Conventional realism à la Bush has several defining characteristics. It seems, first, quite leery about committing the United States to the pursuit of any great principle in the conduct of our foreign policy. Indeed, one of the striking things about the President’s repeated call for a New World Order is the lack of content in the operative word, “order” (the same is true for the President’s pursuit of “peace”). Thus it should have come as no surprise that, in his September 1991 address to the United Nations General Assembly, less than a month after the new Russian revolution, Mr. Bush carefully avoided rhetoric that could be construed as endorsing the claim that the events of recent years had been an unprecedented triumph for Western conceptions of human rights and a dramatic confirmation of the superiority of democracy as a political system. (Perhaps the thought of a Saudi presiding over the General Assembly made the White House speechwriters even more circumspect than usual.) The President did say soothing (and unexceptionable) things about free markets and free politics. But there was no ideological or moral passion evident in his rather flaccid address.
The Reagan Doctrine, which was about the struggle between ideas and values as much as it was about the clash of interests, seems as dead in the Bush administration as it would have been under Michael Dukakis. The Bush men have even seemed at times to be going out of their way to distinguish their “pragmatic” approach to the world from the more “ideological” style of the previous administration. And while there may well be something to be said for the realist critique of general moral principles as tactical policy guides (given the endless complexities and imponderabilities of world politics), the failure to articulate the meaning of such terms as “peace” and “order”—and thereby to lend some guiding shape to the definition and execution of policy—tends to yield an American approach to the world reminiscent of Winston Churchill’s famous description of a disappointing dessert: “This pudding lacks a theme.”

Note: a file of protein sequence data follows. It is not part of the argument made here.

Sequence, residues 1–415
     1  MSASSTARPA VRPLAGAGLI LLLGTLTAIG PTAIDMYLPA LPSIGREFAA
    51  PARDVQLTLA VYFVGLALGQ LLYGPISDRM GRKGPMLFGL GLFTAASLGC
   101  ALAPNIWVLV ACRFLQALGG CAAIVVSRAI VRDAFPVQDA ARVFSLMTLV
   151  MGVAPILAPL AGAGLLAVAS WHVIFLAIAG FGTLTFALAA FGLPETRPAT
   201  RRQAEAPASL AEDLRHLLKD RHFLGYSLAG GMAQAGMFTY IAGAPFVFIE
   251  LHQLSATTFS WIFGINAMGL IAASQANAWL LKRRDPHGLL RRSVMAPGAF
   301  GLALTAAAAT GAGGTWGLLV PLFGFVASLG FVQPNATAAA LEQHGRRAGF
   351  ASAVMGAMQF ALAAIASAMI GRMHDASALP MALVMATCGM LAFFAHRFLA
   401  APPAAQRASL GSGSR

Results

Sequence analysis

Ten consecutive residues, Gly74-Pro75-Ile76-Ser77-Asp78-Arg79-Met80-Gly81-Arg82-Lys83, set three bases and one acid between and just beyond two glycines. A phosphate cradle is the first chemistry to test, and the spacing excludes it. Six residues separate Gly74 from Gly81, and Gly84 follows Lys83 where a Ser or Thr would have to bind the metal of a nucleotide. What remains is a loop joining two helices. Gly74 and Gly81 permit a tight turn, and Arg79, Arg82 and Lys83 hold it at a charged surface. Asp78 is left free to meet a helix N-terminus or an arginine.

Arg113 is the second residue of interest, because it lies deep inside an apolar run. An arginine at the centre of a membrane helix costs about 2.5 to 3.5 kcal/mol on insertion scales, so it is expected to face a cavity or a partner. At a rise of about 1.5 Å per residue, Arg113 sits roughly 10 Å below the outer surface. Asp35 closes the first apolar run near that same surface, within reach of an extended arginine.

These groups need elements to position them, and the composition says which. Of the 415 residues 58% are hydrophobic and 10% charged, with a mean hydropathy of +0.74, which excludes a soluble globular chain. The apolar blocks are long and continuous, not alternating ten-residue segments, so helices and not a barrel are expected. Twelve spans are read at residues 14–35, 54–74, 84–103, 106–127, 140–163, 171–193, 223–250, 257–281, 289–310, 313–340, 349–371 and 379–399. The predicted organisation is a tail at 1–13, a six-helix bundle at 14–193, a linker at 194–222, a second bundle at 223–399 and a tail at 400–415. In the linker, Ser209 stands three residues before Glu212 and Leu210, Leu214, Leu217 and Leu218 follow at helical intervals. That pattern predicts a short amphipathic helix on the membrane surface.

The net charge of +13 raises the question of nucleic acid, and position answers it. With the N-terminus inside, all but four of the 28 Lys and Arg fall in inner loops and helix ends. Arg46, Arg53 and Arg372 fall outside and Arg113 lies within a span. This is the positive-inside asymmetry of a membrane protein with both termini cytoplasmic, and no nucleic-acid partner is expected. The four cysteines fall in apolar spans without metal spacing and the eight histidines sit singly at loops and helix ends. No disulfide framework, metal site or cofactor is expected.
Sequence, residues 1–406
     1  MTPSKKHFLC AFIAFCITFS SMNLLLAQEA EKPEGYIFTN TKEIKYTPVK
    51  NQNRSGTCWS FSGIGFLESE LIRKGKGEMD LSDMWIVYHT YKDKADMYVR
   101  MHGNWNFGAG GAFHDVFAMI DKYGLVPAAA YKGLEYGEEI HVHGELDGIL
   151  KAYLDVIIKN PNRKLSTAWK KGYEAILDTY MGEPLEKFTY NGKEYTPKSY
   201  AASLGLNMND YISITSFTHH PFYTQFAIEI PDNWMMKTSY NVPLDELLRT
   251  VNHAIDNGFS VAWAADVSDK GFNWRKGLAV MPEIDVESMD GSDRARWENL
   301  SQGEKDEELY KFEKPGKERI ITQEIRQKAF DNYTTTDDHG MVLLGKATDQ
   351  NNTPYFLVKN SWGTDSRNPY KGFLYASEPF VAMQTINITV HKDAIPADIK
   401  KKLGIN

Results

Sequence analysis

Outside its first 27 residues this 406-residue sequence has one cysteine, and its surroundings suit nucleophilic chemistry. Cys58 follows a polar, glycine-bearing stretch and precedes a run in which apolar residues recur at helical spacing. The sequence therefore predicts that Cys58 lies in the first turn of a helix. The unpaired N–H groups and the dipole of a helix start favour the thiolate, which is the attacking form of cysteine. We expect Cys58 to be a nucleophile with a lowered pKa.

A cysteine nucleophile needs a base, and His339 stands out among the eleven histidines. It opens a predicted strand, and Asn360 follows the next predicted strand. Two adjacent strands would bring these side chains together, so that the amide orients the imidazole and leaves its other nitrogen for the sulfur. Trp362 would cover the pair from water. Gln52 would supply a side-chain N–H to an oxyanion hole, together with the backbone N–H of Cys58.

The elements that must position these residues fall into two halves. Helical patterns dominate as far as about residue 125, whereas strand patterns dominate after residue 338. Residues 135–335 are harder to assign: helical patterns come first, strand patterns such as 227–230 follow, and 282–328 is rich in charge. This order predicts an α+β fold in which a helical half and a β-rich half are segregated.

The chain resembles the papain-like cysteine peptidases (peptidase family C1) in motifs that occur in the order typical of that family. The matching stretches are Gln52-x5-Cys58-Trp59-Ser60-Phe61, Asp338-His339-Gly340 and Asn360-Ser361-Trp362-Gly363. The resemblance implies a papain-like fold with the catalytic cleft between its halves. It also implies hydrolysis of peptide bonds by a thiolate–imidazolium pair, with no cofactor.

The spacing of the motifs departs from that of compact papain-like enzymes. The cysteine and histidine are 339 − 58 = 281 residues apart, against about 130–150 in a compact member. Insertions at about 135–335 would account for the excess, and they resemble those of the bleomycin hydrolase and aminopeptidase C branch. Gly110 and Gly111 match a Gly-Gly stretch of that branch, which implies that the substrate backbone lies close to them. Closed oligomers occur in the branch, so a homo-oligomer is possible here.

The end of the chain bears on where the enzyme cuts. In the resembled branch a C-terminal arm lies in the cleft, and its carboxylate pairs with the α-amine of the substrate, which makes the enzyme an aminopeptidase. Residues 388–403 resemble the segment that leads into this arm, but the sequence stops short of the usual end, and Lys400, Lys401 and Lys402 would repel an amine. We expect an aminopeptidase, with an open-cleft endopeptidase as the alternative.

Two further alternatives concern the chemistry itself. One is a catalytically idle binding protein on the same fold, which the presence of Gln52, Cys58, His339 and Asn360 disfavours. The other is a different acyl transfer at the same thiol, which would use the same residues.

Then there is the President’s much-remarked fondness for personal diplomacy. Realism has always been skeptical of popular and congressional involvement in the foreign-policy process (and, on the evidence supplied by Congress over the past twenty years, not without reason). But Bush seems to have sharpened this aspect of realism to an especially fine point, not least in his successful and admirable creation of the broad coalition that challenged Saddam Hussein and ejected him from Kuwait. Conversely, however, the strength of the President’s personal diplomacy under certain circumstances has not infrequently been transformed into a weakness when circumstances changed. The Emir of Kuwait and the Saudi royal family were far more cooperative before February 28, 1991 than they have been afterward. That was, perhaps, to be expected. But can we not wonder whether the personalization of the relationship between President Bush and these allies made it more difficult than necessary to keep them on board when the issue became winning the peace rather than winning the war?
Insofar as it has a guiding concept, the Bush administration’s instinctive passion seems to be for “stability.” It is here that the President and his foreign-policy advisers most resemble the statesmen at the Congress of Vienna. Like Metternich, Castlereagh, and Talleyrand, President Bush, Secretary of State James A. Baker 3d, and National Security Adviser Brent Scowcroft are men made profoundly uncomfortable by revolutionary ideas, and indeed by revolutionaries—and yet they are responsible for U.S. foreign policy in an age of revolution. Here, the issue of personalization intersects with the administration’s insistence on stability: confronted with the choice between reform Communist and centralizer Mikhail Gorbachev on the one side, and radical democrat and decentralizer Boris Yeltsin on the other, the administration unhesitatingly chose Gorbachev. (Even more oddly, but just as predictably, the President and his men got around to recognizing the Baltic Republics, whose independence the United States had asserted for 50 years, only after Iceland and Denmark.)
Perhaps the best way to sum up the conventional realism of the Bush administration is to say that it is a realism deeply skeptical of ideology and its role in the affairs of men and nations. This seems curious (as the realist Owen Harries has himself noted) in the age of Lenin, Hitler, Mao, and Pol Pot; of Gandhi and the Fabian professoriate at the London School of Economics in the 1930′s; of Churchill and the founders of the state of Israel; and, more recently, of Havel, Michnik, and Wojtyla. That ideas have consequences is a cliché whose truth has been proven beyond cavil over the past century, and not least in international affairs. But it is a truth that seems not to have much impressed itself upon the minds and hearts of the conventional realists of the Bush administration.
This profound skepticism about ideology—and particularly the ideology of democratization and its roots in the Reagan Doctrine—seems the best explanation for the administration’s actions (or inactions) at four defining moments over the past three years.